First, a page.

In other words, those who question the reliability of the New Testament must also ques­tion the reliability of virtually every ancient writing the world possesses! So how can the New Testament logically be rejected by anyone when its documentation is 100 times that of other ancient literature? If it is impossible to question the world’s ancient classics, it is far more impossible to question the reliability of the New Testament.[9] In addition, none of the established New Testament canon is lost or missing, not even a verse, as indicated by variant readings. The New Testament, then, passes the bibliographical test and must, by far, be graded with the highest mark of any ancient literature.

Fact two: the internal evidence test (corroboration from content accuracy).

This test asserts that one is to assume the truthful reporting of an ancient document (and not assume either fraud, incompetence or error) unless the author of the document has disqualified himself by their presence. For example, do the New Testament writers contradict themselves? Is there anything in their writing which causes one to objectively suspect their trustworthiness? The answer is no. There is lack of proven fraud or error on the part of any New Testament writer. But there is evidence of careful eyewitness reporting throughout the New Testament. The caution exercised by the writers, their personal convic­tion that what they wrote was true and the lack of demonstrable error or contradiction indicate that the Gospel authors and, indeed, all the New Testament authors pass the second test as well (Luke 1:1-4; John 19:35; 21:24; Acts 1:1-3; 2:22; 26:24-26; 2 Peter 1:16; 1 John 1:1-3).

The kinds of things the Gospel writers include in their narratives offer strong evidence for their integrity. They record their own sins and failures, even serious ones (Matthew 26:56, 69-75; Mark 10:35-45). They do not hesitate to record even the most difficult and conse­quential statements of Jesus, such as John 6:41-71. They forthrightly supply the embar­rassing and even capital charges of Jesus’ own enemies. Thus, even though Jesus was their very Messiah and Lord, they not only record the charges that Jesus broke the Sabbath but also that He was a blasphemer and a liar, insane and demonized (Matthew 26:65; John 7:20,47; 8:48, 52; 10:20).

To encounter such honesty from those who loved the Person they were reporting about gives one assurance that the Gospel writers placed a very high premium on truthfulness.


  1. Chauncey Sanders, An Introduction to Research in English Literary History (New York: MacMillan, 1952), p. 160.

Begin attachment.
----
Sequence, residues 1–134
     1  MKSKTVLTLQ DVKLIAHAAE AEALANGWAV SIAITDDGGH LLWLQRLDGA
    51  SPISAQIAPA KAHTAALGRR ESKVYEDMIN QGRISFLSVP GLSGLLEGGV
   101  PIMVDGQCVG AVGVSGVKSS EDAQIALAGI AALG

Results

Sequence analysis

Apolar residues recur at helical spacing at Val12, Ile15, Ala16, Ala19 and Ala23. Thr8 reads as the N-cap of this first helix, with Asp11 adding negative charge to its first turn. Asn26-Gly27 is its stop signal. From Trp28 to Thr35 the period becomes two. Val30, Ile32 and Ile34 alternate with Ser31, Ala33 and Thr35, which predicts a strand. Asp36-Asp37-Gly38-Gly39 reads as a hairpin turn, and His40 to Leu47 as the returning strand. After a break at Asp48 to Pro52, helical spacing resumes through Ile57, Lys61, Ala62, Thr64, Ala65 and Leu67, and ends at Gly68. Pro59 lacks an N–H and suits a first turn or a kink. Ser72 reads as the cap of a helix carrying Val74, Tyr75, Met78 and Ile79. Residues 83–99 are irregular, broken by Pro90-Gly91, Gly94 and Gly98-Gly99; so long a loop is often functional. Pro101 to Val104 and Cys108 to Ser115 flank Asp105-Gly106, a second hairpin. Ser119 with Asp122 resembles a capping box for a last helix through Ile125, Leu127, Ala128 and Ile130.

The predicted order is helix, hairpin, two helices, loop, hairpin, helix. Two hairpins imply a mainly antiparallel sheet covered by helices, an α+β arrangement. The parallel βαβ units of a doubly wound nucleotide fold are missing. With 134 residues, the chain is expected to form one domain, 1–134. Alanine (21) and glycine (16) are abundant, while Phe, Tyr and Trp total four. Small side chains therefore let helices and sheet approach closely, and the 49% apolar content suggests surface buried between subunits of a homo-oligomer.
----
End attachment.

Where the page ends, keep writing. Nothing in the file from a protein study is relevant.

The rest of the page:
2. J. McDowell, Evidence That Demands a Verdict, rev. 1979, pp. 39-52; and Norman Geisler, William Nix, A General Introduction to the Bible (Chicago: Moody Press, 1971), pp. 238, 357-367.
  3. McDowell, Evidence That Demands a Verdict, p. 42; Robert C. Newman, “Miracles and the Historicity of the Easter Week Narratives,” in John Warwick Montgomery (ed.), Evi­dence for Faith: Deciding the God Question (Dallas: Probe, 1991), pp. 281-84.
  4. Christian Scriptures in Greek were written in capital letters, separately formed often without spaces between words. These were called uncial letters. (Nelson’s New Illustrated Bible Dictionary)
  5. F. F. Bruce, The Books and the Parchments (Old Tappan, NJ: RevelI, 1963), p. 78.
  6. F. F. Bruce, The New Testament Documents: Are They Reliable? (Downer’s Grove, IL: InterVarsity Press, 1971), p. 15.
  7. J. McDowell, Evidence That Demands a Verdict, pp. 43-45; Clark Pinnock, Biblical Revelation: The Foundation of Christian Theology (Chicago: Moody Press, 1971), pp. 238-39, 365-66.
  8. Robert C. Newman, “Miracles and the Historicity of the Easter Week Narratives,” in John Warwick Montgomery (ed.), Evidence for Faith: Deciding the God Question (Dallas: Probe, 1991), p. 284.
  9. See John Warwick Montgomery, Faith Founded on Fact (New York: Nelson, 1978); F. F Bruce, The New Testament Documents: Are They Reliable? (Downer’s Grove, IL: InterVarsity); John Warwick Montgomery, History and Christianity (Downer’s Grove, IL: InterVarsity); Norman Geisler, Christian Apologetics (Grand Rapids, MI: Baker, 1976), pp. 322-327.


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Written for The John Ankerberg Show by Dr. John Ankerberg, Dr. John Weldon; ©2002.